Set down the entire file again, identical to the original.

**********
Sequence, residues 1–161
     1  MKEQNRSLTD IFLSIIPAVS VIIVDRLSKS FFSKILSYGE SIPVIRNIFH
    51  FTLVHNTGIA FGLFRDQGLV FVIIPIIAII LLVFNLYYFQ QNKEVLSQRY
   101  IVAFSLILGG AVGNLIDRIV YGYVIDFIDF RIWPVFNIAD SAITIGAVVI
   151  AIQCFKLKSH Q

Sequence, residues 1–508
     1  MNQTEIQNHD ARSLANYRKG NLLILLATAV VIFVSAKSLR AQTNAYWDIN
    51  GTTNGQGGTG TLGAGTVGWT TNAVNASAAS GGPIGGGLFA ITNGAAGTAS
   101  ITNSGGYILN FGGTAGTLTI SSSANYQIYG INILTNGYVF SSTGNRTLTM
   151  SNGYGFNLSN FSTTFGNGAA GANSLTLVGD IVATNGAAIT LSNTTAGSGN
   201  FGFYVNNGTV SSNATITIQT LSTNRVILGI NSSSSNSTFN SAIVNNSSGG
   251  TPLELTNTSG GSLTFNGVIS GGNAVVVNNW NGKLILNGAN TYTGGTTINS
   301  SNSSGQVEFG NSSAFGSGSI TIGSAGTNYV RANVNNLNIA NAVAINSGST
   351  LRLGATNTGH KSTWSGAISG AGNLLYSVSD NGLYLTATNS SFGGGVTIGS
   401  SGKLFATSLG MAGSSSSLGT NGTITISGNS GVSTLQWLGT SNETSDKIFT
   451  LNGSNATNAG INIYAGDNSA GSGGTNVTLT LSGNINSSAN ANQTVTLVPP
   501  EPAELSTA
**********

Sequence, residues 1–161
     1  MKEQNRSLTD IFLSIIPAVS VIIVDRLSKS FFSKILSYGE SIPVIRNIFH
    51  FTLVHNTGIA FGLFRDQGLV FVIIPIIAII LLVFNLYYFQ QNKEVLSQRY
   101  IVAFSLILGG AVGNLIDRIV YGYVIDFIDF RIWPVFNIAD SAITIGAVVI
   151  AIQCFKLKSH Q

Sequence, residues 1–508
     1  MNQTEIQNHD ARSLANYRKG NLLILLATAV VIFVSAKSLR AQTNAYWDIN
    51  GTTNGQGGTG TLGAGTVGWT TNAVNASAAS GGPIGGGLFA ITNGAAGTAS
   101  ITNSGGYILN FGGTAGTLTI SSSANYQIYG INILTNGYVF SSTGNRTLTM
   151  SNGYGFNLSN FSTTFGNGAA GANSLTLVGD IVATNGAAIT LSNTTAGSGN
   201  FGFYVNNGTV SSNATITIQT LSTNRVILGI NSSSSNSTFN SAIVNNSSGG
   251  TPLELTNTSG GSLTFNGVIS GGNAVVVNNW NGKLILNGAN TYTGGTTINS
   301  SNSSGQVEFG NSSAFGSGSI TIGSAGTNYV RANVNNLNIA NAVAINSGST
   351  LRLGATNTGH KSTWSGAISG AGNLLYSVSD NGLYLTATNS SFGGGVTIGS
   401  SGKLFATSLG MAGSSSSLGT NGTITISGNS GVSTLQWLGT SNETSDKIFT
   451  LNGSNATNAG INIYAGDNSA GSGGTNVTLT LSGNINSSAN ANQTVTLVPP
   501  EPAELSTA